The Half Hitch Knot
And Its Kiting Applications
The simple Half Hitch has many uses, but I have just a few for the
MBK Kites. In particular, the Roller and Dopero kites, where this knot
is easily unpicked to adjust the wing-tip ties where they attach to the lower horizontal spar. However, this is also it's main disadvantage in that it eventually comes loose! It's fine for a single long flight though.
Another very handy application is attaching a plastic ribbon tail
around the lower end of a vertical spar. A single hitch is quick and
easy, yet sufficiently secure. The crushed plastic helps to prevent
loosening, and the forces on a tail in flight are very low anyway. I
have never lost a tail this way!
Now, if you really
want to go overboard with knot-tying...
The book Knots: The Complete Visual Guide
has an amazing average review score of 5 stars from 12 reviewers - the last time I looked. If it's a more general
knot-tying resource you need, this would definitely be it!
Back to the Half Hitch...
Actually, there is one other use for the Half Hitch in the Dowel kites... The nose of the Sode
has a loop tied around it, when rigged ready to fly. The loop is Lark's
Headed around the upper horizontal spar's bow-line. Effectively, it's
just 2 lines side-by-side, which are then hitched around the nose of the
kite to hold some tension in the sail. Because of all the insulation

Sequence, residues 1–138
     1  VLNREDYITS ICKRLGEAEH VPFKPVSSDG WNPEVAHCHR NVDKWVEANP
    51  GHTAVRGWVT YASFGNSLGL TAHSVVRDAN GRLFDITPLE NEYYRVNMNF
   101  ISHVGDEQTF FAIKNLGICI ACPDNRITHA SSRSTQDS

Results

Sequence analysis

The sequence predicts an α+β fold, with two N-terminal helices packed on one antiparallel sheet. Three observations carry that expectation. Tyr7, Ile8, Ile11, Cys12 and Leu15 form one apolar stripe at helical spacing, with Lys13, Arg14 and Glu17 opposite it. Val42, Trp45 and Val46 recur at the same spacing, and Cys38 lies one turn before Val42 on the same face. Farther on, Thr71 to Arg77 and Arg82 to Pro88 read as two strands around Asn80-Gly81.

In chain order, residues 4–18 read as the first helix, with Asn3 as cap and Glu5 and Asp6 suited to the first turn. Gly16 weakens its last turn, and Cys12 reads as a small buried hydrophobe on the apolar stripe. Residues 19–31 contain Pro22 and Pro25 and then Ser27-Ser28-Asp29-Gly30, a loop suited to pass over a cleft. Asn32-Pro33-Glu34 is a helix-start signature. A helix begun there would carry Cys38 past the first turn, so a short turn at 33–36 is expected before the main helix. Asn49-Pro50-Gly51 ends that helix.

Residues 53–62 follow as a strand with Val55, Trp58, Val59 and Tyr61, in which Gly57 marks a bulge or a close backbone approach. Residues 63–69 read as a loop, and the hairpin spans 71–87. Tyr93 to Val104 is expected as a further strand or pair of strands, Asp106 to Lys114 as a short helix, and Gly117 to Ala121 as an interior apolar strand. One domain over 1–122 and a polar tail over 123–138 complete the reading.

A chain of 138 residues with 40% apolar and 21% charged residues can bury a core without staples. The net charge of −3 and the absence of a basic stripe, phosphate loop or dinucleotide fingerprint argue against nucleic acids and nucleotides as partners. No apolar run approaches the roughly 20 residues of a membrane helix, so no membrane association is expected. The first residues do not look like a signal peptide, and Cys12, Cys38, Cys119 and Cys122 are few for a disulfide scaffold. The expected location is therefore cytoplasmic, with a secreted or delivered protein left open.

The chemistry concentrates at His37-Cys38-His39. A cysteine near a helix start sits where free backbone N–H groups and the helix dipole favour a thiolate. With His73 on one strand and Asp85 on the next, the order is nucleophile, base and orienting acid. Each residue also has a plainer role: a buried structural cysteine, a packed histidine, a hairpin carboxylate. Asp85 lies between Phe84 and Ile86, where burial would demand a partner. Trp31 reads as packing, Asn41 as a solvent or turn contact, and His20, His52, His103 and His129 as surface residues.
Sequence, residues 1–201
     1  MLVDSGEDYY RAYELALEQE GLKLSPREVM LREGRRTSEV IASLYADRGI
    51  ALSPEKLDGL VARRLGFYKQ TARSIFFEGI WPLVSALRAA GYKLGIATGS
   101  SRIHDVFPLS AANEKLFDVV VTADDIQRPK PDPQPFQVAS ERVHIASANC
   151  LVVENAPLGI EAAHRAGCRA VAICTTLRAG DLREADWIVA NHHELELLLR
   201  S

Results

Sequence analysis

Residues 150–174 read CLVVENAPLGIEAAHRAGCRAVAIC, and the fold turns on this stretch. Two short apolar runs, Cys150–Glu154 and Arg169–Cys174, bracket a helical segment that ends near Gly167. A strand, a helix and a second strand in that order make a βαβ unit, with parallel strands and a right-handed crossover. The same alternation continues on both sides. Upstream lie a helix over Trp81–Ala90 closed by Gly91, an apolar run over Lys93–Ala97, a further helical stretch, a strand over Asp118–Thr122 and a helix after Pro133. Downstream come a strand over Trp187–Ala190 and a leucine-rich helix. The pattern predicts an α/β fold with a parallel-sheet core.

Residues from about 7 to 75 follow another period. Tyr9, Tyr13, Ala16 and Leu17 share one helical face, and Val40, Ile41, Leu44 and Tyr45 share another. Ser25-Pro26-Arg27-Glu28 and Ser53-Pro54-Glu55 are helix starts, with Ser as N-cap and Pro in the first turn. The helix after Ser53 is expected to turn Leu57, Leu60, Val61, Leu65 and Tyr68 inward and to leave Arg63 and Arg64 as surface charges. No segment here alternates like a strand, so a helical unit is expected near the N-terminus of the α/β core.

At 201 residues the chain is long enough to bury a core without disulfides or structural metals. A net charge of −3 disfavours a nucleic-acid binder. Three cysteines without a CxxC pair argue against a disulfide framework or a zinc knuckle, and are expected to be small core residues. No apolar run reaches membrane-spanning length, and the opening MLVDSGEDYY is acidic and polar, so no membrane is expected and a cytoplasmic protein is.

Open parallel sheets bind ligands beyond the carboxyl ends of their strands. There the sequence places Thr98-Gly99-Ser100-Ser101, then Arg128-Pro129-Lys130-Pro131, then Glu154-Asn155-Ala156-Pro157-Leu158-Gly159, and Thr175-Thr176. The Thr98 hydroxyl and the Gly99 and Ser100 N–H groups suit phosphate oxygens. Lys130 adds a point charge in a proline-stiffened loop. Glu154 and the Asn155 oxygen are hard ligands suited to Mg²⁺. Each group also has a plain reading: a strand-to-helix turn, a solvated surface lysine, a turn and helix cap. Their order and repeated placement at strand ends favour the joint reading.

tape over the nose, just the one hitch seems to hold fine! A bit
surprising, but it sure is handy since it's very easy to unpick before
packing down the kite.
If multiple hitches are used in any situation, the top one will
quickly loosen off unless it's secured with glue. Eventually, the next
hitch starts to loosen too, and so on down the line...
You can use a couple of hitches to attach a bridle line to its
spar, as long as a drop of glue is added. In this situation the glue can
also be used to prevent the knot from shifting along the spar. These days I prefer to use a Double Wrap Slip Knot here.
E-book special of the month (25% off)...
e-book takes you step-by-step through making a 119cm (4 ft) wide
Parachute kite. It's not quite that wide in the air since the
canopy takes on a distinct curved shape when inflated. This 14-cell
kite performs best in moderate to fresh wind speeds. That's 20 to
38kph or 13 to 24mph. In gentle winds, this kite will hang in
the air at fairly low line angles. In fresh winds, it pulls
firmly for it's size, so small kids should only fly it while
Every kite design in
the MBK Soft Series satisfies the following points...
- Materials are
plastic sheet, tape and line – and nothing more!
- Tools are a ruler,
scissors and a marker pen - and nothing more!
- All cuts are
along straight lines.
For the greatest chance
of success, I make recommendations regarding the materials. For
example, the type/weight of plastic, type/width of tape and line
type/strength. Close enough should nearly always be good enough,
since the design is well-tested and should be tolerant of small
differences from my original.
Get the e-book for making the MBK Parafoil kite. After making your first one in plastic and seeing how it performs, you can try soft Tyvek or rip-stop nylon for your next build.
The e-book is a PDF file - which means printable instructions to refer to while you make the kite. It also means convenient off-line access if that suits you better.
Jun 24, 17 08:27 AM
It was down at Knox Park on the last Saturday of the month, as is my custom...
Except that the weather has not cooperated on the last couple of occasions. Even today the breeze was barely there. A frie…
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